“How was your day?”

At a function:

“Hi I’m Joe. What’s your name?”
“Oh I love the onion relish on these sausage rolls. What’s your favorite dish been so far?”
“What do you do for work?”
“How do you know <person>?
“I got a bit lost looking for this place. Have you been here before?”
“What do you reckon about <a speech or other thing related to the function>?

At a cafe:

“I’m tossing up between the risotto or the marinara: which do you recommend?”
“What’s your favorite dish here?”
“That looks delicious. What it is?”

You might feel shy or intrusive asking questions. Yet research has shown asking questions makes you more likable. Particularly when you follow up. It shows you’re responsive, you’re listening, you help the other person feel validated. And you care.

Key takeaway 7: Ask questions.

8. Feed your mind positive talk

When you’re alone with your thoughts attacking you constantly, it’s easy to feel doubtful and negative. It’s easier to walk past strangers, ignore them, and avoid their eyes when you feel uncomfortable and your negative thoughts keep you there. Positive affirmations can help you break past your discomfort and build your sense of self-worth and confidence.

Instead of focusing on:

What if they ignore me if I speak to them?
I don’t know them, why should I say anything?
They’ll wonder why the hell I’m talking to them
I feel stupid talking to a stranger

Tell yourself:

I’m a kind, beautiful person
I am enough and always have been
If I want something to happen in my life, I have the power to make it happen

Make positive talk a habit and over time, your mind’s negative talk won’t hold you back.

Key takeaway 8: Focus on positive talk.

Will all this work all the time?

No. Not everyone will respond in a positive way to your acknowledgment or interaction. Other people may feel uncomfortable with strangers also. The neighborhood, culture, personal experiences, and other factors might make it feel strange or dangerous for people to respond.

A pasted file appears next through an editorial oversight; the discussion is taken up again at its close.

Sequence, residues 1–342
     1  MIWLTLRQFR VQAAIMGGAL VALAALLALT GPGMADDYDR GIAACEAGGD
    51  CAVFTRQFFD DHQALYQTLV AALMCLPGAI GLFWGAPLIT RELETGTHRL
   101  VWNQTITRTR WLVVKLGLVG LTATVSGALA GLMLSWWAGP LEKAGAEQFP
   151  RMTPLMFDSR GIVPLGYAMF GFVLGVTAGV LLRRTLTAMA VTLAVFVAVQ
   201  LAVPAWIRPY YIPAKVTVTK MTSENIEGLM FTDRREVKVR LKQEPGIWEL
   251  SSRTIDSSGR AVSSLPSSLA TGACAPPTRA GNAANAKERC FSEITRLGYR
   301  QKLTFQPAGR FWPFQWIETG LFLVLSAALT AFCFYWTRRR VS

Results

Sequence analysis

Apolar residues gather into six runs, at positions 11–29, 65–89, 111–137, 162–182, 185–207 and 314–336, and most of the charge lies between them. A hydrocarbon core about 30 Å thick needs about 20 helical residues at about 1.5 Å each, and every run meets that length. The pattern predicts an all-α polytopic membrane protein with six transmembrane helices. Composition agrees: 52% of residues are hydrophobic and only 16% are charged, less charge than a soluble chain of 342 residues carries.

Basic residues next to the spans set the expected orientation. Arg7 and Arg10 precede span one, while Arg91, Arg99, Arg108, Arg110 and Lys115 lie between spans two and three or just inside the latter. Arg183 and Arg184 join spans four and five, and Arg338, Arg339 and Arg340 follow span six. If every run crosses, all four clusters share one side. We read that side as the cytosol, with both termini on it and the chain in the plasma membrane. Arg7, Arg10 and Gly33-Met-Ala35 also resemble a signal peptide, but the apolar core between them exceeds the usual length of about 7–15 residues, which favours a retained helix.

Be aware of these for yourself — and for others. Find safe, appropriate opportunities to connect often. As you keep practicing, you’ll get savvier with people and your environment. And you may soon enjoy speaking to strangers as much as I do.

Just remember this when you feel awkward and unsure about whether to approach a stranger: We all want to be included. It’s an evolutionary response where survival comes from being part of a pack rather than alone. We might like to put up a front to appear as if we don’t mind being alone. But deep down, we need each other.

In a nutshell

It’s natural to feel awkward speaking to strangers. Yet when you acknowledge someone even with a simple nod, you make an impact. You fulfill a need we all have: to feel included and connected socially. This can help you feel more joy each day as you discover wonderful people in your daily life, your career, your business, and your relationships.

Ways to break down the awkwardness of speaking to strangers include:

  1. Find common ground
  2. Give compliments
  3. Make eye contact
  4. Smile
  5. Anticipate the stories people hold within
  6. Listen actively
  7. Ask questions
  8. Feed your mind positive talk

Like anything, the more you practice, the better you’ll get speaking to strangers. And the less awkward it will feel. Give it a go for a week and see what happens.

Aussie Copywriter. I love rock climbing high ceilings and hiking amongst ferns >> 10 Proven ways to attract more Medium readers: https://bit.ly/3g2e2xx